The rising number of organizations that are applying health information technology, thus moving to more vigorous information systems like computer-based order entry and medical decision support. There are increasing pressure and incentives to install and use systems to boost the quality of health care and patient safety and the increasing number of reports about system execution methodologies, the success and the lesson learned. Implementation of successful use of health information technology depends on the following factors; first, the consistency of the HIT system used. The health care information system chosen should be consistent to support the strategic objectives, goals, and priorities of the health organization (Bourke, 2013). The statistic demonstrates that in 1996 about 35% of organizations did not have a HIT strategic plan and that value decreased up to 8% in 2002. Today probably all organization has put in place HIT strategic plan since computer different functions especially in hospitals for tasks like tracking records for patients and managing cost (Jones, Rudin, Perry & Shekelle, 2014). Successful implementation of HIT should be consistent and integrated with the organization strategic plan.
Secondly, the alignment of HIT and organization strategy- the technology should align with the organizational strategy to solve issues such as the location of the organization, what the organization does its products, methods of production and the market for such products (Bourke, 2013). For instance, the information system used in hospitals should indicate the services offered like when to offer such services and the kind of patient to receive the services. Moreover, the implementation of the HIT system in an organization should focus on well-developed HIT infrastructure, architecture and policies. Implementation of a successful HIT system should concentrate on areas such as computer servers, mobile devices, and security of the system, networks, storage and backups among others (Jones, Rudin, Perry & Shekelle, 2014). Finally, organizational factors also affect the implementation of the HIT system thus; the organization should have better facilities to have access to skilled employees who can understand the workflow and the possible limitations of the HIT system to the organization. Employees, who are able to choose the right information system, integrate a new system with available systems and databases.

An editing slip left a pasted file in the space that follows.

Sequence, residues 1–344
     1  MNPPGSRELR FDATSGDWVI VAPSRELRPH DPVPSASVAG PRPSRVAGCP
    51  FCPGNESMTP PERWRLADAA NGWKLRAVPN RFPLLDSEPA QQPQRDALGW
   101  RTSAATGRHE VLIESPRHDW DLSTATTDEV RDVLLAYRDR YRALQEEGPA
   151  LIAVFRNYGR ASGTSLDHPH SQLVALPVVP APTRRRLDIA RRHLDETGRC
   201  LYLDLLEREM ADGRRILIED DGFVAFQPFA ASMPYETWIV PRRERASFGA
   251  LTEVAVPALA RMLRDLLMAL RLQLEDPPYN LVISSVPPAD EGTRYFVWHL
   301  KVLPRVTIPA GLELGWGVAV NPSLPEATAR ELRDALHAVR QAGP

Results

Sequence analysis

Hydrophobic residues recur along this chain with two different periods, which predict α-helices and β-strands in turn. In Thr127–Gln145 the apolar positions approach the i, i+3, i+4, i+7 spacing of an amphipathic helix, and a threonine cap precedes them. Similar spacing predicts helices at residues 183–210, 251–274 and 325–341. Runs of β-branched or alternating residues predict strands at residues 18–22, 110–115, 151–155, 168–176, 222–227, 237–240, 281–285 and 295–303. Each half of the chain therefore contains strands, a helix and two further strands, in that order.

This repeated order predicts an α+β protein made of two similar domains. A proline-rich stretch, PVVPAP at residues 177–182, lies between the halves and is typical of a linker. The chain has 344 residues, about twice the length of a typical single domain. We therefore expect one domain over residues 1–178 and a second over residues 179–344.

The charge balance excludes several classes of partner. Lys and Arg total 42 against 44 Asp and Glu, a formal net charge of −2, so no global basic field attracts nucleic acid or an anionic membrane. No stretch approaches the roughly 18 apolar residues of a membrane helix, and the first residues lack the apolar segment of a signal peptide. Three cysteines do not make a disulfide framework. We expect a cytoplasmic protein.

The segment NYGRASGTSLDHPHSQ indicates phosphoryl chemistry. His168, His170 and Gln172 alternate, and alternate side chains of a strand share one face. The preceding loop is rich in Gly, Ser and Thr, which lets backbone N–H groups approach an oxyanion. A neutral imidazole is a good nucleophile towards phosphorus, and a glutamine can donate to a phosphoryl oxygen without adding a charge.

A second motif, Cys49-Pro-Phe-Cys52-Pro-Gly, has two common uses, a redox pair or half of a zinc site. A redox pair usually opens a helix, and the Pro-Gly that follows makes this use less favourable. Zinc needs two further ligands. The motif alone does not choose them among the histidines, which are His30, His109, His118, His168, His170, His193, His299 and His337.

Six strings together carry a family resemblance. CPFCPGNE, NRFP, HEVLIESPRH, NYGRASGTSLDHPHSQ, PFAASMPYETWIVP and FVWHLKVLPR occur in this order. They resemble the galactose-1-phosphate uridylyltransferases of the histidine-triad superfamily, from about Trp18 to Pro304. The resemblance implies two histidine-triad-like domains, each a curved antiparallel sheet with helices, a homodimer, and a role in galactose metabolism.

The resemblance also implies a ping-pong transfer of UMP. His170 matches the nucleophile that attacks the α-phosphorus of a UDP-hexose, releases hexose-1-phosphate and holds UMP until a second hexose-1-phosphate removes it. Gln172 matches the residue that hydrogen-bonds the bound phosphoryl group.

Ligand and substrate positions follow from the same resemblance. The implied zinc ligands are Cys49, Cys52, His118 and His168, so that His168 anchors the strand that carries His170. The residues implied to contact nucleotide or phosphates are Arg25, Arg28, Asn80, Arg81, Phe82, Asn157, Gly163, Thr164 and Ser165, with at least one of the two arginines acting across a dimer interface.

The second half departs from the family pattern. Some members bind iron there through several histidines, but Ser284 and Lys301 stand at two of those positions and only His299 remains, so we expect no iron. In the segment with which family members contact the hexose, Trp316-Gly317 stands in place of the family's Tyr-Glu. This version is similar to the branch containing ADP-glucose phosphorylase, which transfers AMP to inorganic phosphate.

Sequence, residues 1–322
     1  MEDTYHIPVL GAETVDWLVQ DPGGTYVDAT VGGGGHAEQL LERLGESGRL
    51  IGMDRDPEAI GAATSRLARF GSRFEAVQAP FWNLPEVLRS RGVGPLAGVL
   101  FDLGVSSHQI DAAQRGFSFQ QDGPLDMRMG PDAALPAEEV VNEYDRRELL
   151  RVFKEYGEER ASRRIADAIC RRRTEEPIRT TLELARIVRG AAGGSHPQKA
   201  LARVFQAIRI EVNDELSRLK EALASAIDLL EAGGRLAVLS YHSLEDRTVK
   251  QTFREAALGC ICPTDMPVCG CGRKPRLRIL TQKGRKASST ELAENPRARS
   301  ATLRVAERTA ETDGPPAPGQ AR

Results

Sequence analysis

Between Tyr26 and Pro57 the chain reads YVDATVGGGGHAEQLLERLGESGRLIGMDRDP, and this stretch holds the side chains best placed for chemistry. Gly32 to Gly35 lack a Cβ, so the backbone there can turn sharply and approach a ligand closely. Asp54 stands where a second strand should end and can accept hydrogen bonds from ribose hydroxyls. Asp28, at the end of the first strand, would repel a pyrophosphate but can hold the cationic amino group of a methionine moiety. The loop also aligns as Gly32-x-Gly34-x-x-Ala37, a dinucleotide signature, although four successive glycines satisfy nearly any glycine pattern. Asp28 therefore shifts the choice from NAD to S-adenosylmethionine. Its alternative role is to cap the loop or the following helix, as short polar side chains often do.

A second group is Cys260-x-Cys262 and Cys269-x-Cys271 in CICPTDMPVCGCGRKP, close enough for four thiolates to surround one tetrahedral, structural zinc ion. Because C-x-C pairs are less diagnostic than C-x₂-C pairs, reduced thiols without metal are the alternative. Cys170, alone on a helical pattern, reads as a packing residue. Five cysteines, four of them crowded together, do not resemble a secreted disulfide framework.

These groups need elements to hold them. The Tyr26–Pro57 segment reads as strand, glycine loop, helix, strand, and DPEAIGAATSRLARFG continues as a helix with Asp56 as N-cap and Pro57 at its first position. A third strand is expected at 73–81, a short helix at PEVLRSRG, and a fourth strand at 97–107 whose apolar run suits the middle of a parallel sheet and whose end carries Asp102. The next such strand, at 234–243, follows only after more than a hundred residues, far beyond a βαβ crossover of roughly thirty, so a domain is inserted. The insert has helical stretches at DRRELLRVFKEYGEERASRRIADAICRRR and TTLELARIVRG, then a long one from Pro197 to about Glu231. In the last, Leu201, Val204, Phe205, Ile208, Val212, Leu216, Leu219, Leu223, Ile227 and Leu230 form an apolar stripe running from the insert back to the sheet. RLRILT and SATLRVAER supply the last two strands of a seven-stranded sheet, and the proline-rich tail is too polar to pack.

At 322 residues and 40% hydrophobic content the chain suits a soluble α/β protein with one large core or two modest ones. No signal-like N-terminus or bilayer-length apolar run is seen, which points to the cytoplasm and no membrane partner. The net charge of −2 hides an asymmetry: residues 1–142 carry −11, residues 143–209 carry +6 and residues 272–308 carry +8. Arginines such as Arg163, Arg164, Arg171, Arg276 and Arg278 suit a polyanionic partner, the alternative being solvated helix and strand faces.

Bourke, M. K. (2013). Strategy and architecture of health care information systems. Springer Science & Business Media.
Jones, S. S., Rudin, R. S., Perry, T., & Shekelle, P. G. (2014). Health information technology: an updated systematic review with a focus on meaningful use. Annals of internal medicine, 160(1), 48-54.
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